Two women from different eras, try to do something productive with their time and end up conquering anonymity and gain self-worth by devoting their time and energy to culinary creations. Adapted from a novel by Julie Powell, Julie & Julia is directed by Nora Ephron (Sleepless in Seattle, You’ve Got Mail), who also drew inspiration from Julia Child’s “My Life in France.”

An almost-thirty Julie Powell (a very likeable Amy Adams) is a fan of Julia Child, who gained widespread popularity in 40s America, when she came out with the book “Mastering the Art of French Cooking”, a book she co-authored with Simone Beck, while in Paris where her husband was posted. When her husband’s job brings them to Long Island, NY, Powell struggles to find a sense of belonging to which her husband suggests that she write a blog to get her bearings.

From there begins the Julie/Julia Project from a tiny apartment kitchen, where Powell gives herself 365 days in which to whip up 524 recipes of Julia Child, while keeping her day job. Inspired by Child, Powell takes on the challenge seriously despite having to be a ‘Lobster Killer’, charring the boeuf bourguignon meant for a guest, being stood up by a food critic, and putting on weight.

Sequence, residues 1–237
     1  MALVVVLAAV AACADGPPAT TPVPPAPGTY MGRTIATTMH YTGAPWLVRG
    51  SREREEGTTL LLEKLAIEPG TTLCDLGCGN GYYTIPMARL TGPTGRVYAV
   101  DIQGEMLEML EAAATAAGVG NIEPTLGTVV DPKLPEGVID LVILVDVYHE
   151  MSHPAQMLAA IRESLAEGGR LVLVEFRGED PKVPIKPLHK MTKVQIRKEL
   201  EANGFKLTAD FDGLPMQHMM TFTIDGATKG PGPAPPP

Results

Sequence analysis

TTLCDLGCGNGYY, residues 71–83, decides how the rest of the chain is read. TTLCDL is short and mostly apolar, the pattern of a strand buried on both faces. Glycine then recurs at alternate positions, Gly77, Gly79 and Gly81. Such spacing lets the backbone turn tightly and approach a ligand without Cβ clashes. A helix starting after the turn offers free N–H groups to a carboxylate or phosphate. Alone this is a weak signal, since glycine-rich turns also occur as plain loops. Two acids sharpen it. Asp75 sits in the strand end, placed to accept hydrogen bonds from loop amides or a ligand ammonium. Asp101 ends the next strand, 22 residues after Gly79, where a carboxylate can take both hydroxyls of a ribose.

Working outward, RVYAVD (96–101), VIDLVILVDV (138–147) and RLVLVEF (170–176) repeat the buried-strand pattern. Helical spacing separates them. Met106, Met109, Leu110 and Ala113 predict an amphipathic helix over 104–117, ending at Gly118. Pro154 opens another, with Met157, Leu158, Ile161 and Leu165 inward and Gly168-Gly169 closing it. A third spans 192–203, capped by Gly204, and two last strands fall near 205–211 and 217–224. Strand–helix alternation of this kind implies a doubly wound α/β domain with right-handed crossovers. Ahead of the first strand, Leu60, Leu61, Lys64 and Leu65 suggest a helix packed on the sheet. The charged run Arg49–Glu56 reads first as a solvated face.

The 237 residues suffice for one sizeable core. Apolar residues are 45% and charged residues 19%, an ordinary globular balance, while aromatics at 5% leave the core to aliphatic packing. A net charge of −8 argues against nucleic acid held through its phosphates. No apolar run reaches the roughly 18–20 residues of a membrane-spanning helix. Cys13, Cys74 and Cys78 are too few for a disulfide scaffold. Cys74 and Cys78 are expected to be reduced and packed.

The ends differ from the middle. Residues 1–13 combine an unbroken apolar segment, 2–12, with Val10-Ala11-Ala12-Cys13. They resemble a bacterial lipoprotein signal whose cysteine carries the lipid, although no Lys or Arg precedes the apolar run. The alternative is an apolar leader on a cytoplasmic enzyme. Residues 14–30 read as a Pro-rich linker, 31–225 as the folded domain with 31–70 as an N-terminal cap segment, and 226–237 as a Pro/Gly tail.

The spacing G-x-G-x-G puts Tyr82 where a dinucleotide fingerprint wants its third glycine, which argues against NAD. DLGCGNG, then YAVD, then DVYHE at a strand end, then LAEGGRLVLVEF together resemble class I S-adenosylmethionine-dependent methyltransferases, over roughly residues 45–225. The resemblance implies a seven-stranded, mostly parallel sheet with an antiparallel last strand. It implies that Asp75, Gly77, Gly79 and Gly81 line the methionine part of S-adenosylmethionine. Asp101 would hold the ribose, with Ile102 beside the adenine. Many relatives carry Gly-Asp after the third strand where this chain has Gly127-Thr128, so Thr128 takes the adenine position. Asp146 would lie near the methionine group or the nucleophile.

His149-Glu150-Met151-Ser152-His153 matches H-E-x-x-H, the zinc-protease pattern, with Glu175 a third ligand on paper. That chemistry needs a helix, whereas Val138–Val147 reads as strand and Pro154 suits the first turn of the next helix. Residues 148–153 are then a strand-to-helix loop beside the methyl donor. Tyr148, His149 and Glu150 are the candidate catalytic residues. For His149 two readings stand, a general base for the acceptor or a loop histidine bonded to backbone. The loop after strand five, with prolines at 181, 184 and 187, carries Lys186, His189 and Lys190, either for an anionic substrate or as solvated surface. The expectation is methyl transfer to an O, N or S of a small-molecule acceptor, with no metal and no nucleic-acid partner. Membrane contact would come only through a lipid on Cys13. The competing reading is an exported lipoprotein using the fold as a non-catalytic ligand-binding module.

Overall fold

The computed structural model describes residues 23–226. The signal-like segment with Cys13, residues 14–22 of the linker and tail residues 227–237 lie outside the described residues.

Switching parallelly is the life of Julia Child (Meryl Streep) in post-WWII France, who tries her hand at hat making and learning to play bridge before storming the male bastion of Cordon Blue school to become the star student and making it her mission to deconstruct French cooking for servantless Americans.

Julie & Julia is an endearing movie that drags at times, but nonetheless charms you. Despite not having met each other, the two women have some things in common- supportive husbands, both are secretaries for government agencies and overcome discouraging publishing hurdles. Meryl Streep does well as a 6-foot plus Julia – though she’s barely 5′ 6″ – and is supported ably by Stanley Tucci (The Devil Wears Prada).

Drawing also from Child’s memoirs, Ephron manages to keep the movie flowing deftly, with an efficient mix of characters, language, politics of the day, culinary talk, and of course, lots of French cooking.

Not a bad movie at all for a lazy Saturday afternoon.

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